Friendships and relationships are the core of our society. When parents are asked what they want most for their child, the answer often is ‘to have friends’. The core of our work at My Therapy HouseⓇ is in this area. We believe relationships are key to learning based on the evidence-based attachment theory approach to child development.
For a child to be able to play with others, they need to have an awareness of themselves and who they are in a relationship. They also need to learn that they can act on objects and make objects do things, as well as communicate their needs and desires and act on objects with others. They need to be able to trust others and feel that others will provide them a safe space to explore, play, be themselves and grow confidence in being a player.
In play development, the child learns to firstly play by themselves (solitary play), then notices and observes others play (onlooker play), then is able to play next to another (parallel play), then with another (associative and social play). Because of children’s learning and processing styles, they may take longer in each of the above stages. They may also require adult assistance to make meaning around what they are experiencing and observing. The key for children with processing challenges is to provide play opportunities (both in terms of objects, toys and people) which meet their sensory, learning and communication development needs. Again, these same questions can be raised as were in supporting a child’s attention and concentration: What draws the child in? What makes him or her stay? What makes the child leave? What draws him or her back into the play relationship?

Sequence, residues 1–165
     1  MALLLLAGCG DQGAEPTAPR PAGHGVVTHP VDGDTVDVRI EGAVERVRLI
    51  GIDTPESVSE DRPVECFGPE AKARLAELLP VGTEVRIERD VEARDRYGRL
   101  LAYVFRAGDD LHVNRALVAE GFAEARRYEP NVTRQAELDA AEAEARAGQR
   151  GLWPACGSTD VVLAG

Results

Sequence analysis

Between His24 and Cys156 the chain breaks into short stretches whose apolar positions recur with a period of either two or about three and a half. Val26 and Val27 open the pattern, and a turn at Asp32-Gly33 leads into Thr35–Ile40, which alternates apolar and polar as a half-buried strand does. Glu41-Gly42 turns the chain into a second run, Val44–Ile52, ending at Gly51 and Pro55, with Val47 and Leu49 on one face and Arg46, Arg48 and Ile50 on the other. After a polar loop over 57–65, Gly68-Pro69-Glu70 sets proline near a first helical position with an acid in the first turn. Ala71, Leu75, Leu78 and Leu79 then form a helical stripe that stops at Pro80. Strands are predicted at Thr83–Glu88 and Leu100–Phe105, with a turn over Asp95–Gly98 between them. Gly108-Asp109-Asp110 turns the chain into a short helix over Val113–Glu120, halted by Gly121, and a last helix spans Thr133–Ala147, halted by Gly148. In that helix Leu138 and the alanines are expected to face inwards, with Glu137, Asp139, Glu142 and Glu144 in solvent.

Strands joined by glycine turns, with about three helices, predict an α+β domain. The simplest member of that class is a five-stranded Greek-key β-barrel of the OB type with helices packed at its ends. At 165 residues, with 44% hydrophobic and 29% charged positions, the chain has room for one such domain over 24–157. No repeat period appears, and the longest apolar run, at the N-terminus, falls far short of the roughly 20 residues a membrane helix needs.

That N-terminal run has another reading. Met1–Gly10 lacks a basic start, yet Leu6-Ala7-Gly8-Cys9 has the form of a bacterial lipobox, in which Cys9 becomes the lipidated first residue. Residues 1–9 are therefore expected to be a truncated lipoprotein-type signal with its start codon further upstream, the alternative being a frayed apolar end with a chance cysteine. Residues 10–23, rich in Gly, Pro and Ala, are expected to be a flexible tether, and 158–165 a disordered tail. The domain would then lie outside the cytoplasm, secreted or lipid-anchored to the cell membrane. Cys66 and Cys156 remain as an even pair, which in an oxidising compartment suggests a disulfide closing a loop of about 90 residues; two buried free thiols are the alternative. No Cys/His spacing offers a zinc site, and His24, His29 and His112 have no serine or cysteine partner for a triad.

Some children may be visually distracted by objects and toys and find it hard to shift their visual lens from an object to a person because of their visual spatial processing challenges. In this case, people and body games in tune with the child’s individual processing style would be explored.
If you have concerns about your child’s play or play with others and you would like information on how to best support them, please contact us for a consultation.